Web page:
We describe here a Sprague-Dawley rat model for chronic osteomyelitis. Staphylococcus aureus and sodium morrhuate were implanted by either microdrilling or direct needle injection into the tibiae of rats. Of 107 rats, 87 (81%) developed osteomyelitis when a high-speed drill was used for implantation, and 27 (51%) of 53 rats developed osteomyelitis by direct needle inoculation (chi square = 9.81, P < 0.01). Demonstrated histopathological changes included the presence of resorption bays filled with osteoclasts. Quantitative microbiological monitoring of tibial count confirmed disease chronicity, yielding stable numbers of CFU (106.29+-0.27) of S. aureus over 70 days. Infected animals became anemic and lost weight. The erythrocyte sedimentation rates and leukocyte counts were not elevated. Roentgenograms provided the best correlation with the number of organisms in infected tibiae (r2 = 0.80). Rats with infected tibiae were treated with either oxacillin (120 mg/kg per day) or ceftriaxone (50 mg/kg per day). Treatment over 14 or 28 days reduced S. aureus counts in tibiae but did not reliably sterilize infected ones, suggesting that this model was resistant to prolonged antimicrobial therapy.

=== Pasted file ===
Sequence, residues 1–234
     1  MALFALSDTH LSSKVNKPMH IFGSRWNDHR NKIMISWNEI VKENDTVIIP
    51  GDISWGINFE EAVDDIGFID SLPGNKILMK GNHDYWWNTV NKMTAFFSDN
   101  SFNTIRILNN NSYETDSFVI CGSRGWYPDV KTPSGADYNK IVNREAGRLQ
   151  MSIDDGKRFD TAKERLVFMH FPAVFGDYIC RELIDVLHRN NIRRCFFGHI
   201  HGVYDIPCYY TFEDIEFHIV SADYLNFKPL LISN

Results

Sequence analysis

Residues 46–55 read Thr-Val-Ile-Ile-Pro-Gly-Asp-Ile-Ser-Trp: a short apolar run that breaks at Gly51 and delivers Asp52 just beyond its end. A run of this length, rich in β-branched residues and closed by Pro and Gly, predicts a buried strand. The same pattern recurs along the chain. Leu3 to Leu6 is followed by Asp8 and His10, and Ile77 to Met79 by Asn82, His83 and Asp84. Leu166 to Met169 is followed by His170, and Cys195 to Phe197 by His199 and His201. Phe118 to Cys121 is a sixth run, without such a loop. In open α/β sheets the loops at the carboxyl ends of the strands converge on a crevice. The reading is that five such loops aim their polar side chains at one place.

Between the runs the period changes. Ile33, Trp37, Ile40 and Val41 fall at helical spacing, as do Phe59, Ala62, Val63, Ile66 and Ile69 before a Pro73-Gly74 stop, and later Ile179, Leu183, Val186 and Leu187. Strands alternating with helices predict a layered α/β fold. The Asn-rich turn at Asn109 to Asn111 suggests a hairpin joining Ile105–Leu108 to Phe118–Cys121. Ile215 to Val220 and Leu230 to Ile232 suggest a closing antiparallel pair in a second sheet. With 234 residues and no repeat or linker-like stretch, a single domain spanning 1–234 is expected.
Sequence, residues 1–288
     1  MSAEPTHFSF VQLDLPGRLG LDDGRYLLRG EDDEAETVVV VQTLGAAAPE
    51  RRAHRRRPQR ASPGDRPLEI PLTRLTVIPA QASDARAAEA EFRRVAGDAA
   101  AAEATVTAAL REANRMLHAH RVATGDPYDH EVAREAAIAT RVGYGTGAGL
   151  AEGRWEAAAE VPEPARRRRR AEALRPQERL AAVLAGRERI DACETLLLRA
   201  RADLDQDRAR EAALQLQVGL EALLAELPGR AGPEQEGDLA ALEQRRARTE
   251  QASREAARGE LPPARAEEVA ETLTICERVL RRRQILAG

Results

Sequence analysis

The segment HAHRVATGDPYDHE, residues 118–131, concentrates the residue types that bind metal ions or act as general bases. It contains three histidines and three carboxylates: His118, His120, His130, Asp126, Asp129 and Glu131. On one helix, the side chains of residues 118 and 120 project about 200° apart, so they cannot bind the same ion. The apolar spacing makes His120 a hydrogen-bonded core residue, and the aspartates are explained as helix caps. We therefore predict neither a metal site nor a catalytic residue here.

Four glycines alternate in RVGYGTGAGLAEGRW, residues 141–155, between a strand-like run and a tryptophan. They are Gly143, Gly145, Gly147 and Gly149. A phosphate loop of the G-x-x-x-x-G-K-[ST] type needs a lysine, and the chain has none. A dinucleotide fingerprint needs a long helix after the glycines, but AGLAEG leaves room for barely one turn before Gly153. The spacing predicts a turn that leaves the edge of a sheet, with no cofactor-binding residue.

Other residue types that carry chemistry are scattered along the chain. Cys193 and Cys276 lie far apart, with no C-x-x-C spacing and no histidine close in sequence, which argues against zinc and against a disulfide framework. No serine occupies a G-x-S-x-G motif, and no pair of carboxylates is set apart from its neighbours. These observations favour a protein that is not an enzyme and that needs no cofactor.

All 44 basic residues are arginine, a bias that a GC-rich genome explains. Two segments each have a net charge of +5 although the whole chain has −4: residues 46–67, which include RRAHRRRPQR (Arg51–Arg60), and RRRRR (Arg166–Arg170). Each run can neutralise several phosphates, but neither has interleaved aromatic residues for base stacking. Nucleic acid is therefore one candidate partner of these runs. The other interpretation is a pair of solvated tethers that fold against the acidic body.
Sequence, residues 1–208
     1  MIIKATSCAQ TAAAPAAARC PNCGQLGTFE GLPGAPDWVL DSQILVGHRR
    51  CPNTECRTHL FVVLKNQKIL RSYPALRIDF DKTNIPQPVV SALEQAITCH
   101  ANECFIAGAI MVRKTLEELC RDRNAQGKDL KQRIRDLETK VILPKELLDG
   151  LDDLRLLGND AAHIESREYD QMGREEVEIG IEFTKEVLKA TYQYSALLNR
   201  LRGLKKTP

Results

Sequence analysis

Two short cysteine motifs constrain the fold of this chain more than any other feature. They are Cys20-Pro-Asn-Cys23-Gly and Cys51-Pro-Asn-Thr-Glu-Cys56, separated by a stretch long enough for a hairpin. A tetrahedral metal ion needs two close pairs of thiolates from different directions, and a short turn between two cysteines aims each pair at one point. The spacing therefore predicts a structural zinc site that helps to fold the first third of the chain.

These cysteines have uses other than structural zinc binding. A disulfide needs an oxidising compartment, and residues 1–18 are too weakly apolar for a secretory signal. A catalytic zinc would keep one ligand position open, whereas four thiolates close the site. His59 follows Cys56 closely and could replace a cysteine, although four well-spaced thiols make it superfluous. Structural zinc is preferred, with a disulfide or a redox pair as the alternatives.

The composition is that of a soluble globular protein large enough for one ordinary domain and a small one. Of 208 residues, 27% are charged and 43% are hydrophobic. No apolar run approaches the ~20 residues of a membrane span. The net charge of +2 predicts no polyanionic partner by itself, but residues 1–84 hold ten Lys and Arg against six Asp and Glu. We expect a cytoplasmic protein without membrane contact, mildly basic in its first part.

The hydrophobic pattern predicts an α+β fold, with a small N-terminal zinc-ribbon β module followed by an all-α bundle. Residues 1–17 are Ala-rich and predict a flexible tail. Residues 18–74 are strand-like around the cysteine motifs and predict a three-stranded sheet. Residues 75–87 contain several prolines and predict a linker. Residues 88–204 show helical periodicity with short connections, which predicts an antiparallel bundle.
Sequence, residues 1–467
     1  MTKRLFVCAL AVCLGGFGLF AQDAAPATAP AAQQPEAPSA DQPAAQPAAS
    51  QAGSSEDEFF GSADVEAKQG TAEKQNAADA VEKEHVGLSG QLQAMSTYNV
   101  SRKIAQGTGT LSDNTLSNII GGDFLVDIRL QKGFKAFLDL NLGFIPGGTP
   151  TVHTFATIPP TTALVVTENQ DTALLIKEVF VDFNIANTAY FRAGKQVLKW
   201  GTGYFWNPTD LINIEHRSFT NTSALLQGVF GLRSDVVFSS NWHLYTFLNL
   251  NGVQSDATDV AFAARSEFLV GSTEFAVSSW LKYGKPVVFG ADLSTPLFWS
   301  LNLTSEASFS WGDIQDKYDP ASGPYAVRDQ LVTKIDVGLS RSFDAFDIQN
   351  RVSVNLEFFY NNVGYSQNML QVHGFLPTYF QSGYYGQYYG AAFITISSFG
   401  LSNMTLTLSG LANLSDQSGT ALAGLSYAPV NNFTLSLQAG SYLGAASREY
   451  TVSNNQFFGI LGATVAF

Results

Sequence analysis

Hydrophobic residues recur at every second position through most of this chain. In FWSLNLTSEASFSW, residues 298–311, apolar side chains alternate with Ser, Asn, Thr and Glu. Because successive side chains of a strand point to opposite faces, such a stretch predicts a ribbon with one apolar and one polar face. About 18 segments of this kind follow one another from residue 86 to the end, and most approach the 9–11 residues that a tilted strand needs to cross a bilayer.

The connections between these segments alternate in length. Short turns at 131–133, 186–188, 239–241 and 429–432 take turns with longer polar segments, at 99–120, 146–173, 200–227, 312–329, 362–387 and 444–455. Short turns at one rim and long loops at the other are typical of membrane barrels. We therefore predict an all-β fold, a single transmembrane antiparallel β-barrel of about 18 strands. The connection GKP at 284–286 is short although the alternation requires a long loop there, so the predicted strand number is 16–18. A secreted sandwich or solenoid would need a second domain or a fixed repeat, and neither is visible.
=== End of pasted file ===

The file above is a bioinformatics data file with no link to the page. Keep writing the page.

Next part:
|Original language||English (US)|
|Number of pages||6|
|Journal||Infection and Immunity|
|State||Published - Jan 1 1985|
ASJC Scopus subject areas